Tuesday, 28 June 2005
Distance 21 km (including 5 km being lost), time 5 hours 10
Ascent 318 m, descent 310 m
Map 48 of the
Topo-guide (ref. 321) Traversée du Périgord
Galvanised by the tremendous heat of yesterday, we got up early and were away by 7:30, a change from our recent lazy ways.
Taking the shaded quayside path, we clambered up steps into the middle of town and found ourselves amongst the bustle of a street market being set up.
All around the little bar where we sat for croissants and coffee, stallholders were creating beautiful arrangements of sausages, fruits, breads, cheeses and vegetables.
The headline of the local paper was “Suffocant!” and the accompanying article asserted that this summer combined the horrors of the drought of 1976 and the heatwave of 2003.
Most of the streets were closed off for the morning and all the cafés were full of tough-looking stallholders at that hour of the morning.
We set off full of vigour on what I thought was the river road, but which turned out to be the main road to the north.
I thought it odd that there was no turn-off onto the GR, and the road seemed surprisingly busy, but by the time I realised my mistake we were more than two kilometres out of town and there was nothing for it but to turn round and trudge back, with our zest much depleted. I had to beg forgiveness from Keith.
Back through the market, now going full strength, we tried again and this time found the GR, rising in a wood beside the thread of road. At the top we took to the road for the gentle descent through farmland to Limeuil.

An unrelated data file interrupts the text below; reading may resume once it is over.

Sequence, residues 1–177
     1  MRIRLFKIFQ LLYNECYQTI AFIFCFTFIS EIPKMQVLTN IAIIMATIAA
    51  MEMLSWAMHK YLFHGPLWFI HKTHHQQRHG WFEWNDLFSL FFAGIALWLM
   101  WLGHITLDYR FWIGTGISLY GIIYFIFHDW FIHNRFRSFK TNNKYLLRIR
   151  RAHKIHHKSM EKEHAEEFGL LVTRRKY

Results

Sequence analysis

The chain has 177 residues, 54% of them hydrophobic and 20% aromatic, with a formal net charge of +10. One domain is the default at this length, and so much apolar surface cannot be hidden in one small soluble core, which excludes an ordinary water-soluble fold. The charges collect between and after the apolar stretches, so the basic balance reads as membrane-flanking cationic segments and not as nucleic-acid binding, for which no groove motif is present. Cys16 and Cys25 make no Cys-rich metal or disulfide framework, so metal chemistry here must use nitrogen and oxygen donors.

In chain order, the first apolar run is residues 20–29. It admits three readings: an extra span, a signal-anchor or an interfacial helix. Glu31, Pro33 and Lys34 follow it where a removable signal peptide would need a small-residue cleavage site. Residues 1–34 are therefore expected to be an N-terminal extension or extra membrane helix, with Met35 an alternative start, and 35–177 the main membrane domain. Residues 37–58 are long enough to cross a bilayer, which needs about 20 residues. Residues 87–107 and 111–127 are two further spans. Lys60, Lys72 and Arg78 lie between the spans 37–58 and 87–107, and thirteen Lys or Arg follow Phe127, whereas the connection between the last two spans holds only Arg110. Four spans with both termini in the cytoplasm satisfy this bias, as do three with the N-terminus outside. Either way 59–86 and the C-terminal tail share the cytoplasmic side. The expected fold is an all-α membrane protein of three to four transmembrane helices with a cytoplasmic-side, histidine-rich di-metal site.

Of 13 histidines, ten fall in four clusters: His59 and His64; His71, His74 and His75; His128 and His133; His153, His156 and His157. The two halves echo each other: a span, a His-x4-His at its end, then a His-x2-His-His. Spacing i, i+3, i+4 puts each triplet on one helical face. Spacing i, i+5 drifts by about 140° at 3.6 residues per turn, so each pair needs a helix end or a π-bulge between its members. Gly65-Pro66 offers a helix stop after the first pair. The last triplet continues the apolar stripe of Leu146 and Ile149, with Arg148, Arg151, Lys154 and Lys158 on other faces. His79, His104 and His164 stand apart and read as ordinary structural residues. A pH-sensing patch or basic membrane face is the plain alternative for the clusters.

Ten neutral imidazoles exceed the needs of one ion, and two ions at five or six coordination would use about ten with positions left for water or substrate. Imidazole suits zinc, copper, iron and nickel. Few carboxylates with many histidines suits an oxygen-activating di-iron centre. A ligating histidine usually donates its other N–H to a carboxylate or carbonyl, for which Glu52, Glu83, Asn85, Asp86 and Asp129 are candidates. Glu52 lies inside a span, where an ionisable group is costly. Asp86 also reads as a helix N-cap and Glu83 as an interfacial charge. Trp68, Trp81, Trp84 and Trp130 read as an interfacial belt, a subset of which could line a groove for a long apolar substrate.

A couple of English cyclists were fixing a puncture and they said we were obviously English because we were walking on the English side of the road (the left). On the contrary, we said, it was the French side for walkers, facing the oncoming traffic.
A bit further on, just before we arrived at Limeuil, was the twelfth-century chapel of Saint-Martin, standing alone in a field.
Limeuil was in English hands during the Hundred Years War and this chapel was built in reaction to the shocking murder of archbishop Thomas Becket in Canterbury cathedral.
It also served as a haven for pilgrims, being part of a chain of fortified churches stretching through the Dordogne, of which we had already seen examples at Saint-Amand-de-Coly and Saint-Léon-sur-Vézère.
All were distinguished by their tallness and simplicity, their defensive slit-like windows, and their loving workmanship. The tiniest ant could not get between the great stone blocks of the walls.
Limeuil sits at the confluence of the Vézère and the Dordogne rivers and there is a little sandy beach with boats drawn up, a pleasant view from the café where we had our morning coffee. The village straggles up the steep promontory behind and culminates in a park at the top.
It had the makings of a pretty little tourist town (for tourists with good legs and lungs), with its old houses and remnants of a wall, but did not seem to justify its classification as a Plus Beau Village. Too much litter, too little new paint, too few window-boxes, I suppose.